Talk it out

There are times that I’m reminded to follow a piece of my own advice I’ve shared here. Yesterday was one of those times.

As I shared last week, I’m rewriting the “Careers” page of the Collegewise website, starting from scratch. I want the copy to convey the right messages, to sound like us, and to draw in the kind of people who would be happy and successful at Collegewise. It’s a long process to get that messaging and tone right, sometimes one that means reworking even a single sentence 3 or 5 or 10 times until it reads perfectly. Some of that is to be expected—good writing does mean good editing. But it’s still a process, one that takes a lot more time than the total number of words might appear to take.

I spent yesterday with Frank, our filmmaker, shooting what will become our recruiting video. The questions he asked covered some of the same subjects I’ve been trying to capture in writing:

What traits do you look for in the people you hire?

How would you describe the Collegewise vibe?

How can people take ownership over their job at Collegewise?

What makes Collegewise a great place to work?

What does Collegewise do better than anyone else?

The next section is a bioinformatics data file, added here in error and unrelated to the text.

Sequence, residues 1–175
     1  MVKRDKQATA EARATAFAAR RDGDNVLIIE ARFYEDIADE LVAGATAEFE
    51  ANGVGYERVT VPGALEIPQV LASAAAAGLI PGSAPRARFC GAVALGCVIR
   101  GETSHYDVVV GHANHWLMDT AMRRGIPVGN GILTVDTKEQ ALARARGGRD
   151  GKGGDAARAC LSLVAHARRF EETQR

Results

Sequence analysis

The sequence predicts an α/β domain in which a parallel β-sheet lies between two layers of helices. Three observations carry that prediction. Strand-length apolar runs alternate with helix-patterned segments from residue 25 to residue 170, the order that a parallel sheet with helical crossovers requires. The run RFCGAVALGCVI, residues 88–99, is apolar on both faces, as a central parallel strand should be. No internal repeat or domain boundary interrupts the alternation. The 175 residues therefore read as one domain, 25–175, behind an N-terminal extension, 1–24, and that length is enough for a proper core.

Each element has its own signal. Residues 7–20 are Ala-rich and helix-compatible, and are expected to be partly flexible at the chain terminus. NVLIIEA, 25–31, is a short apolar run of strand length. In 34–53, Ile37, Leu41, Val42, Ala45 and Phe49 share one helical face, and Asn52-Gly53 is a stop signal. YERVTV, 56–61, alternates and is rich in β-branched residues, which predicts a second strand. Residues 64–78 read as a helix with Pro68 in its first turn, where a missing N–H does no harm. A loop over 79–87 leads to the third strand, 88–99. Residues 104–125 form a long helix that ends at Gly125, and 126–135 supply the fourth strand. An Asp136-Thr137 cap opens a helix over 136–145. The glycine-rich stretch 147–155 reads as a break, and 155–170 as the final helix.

Why do you love working here?

But unlike the process of writing about those subjects, the process of talking about them came easily. The words just spilled out in a natural conversation. Sure, they might be more punchy and precise if they were edited like a written piece. But as far as messaging, I said exactly what I wanted to say. And most answers only required one take. I didn’t get a case of “talker’s block.”

Whether you’re writing website copy, an important email, or a college essay, before you write it out, try saying it out loud. Pretend you were talking with a friend or colleague. You’ll inevitably find that the words come a lot more quickly and easily. You’re probably more likely to say what you want to say with take number one than you are to write what you want to write with draft number one. And chances are, you’ll still spend less time writing and editing your way to a great finished product.

I’ve said—and written—about this before. But like me, maybe a few readers needed a reminder to talk it out before you write it out.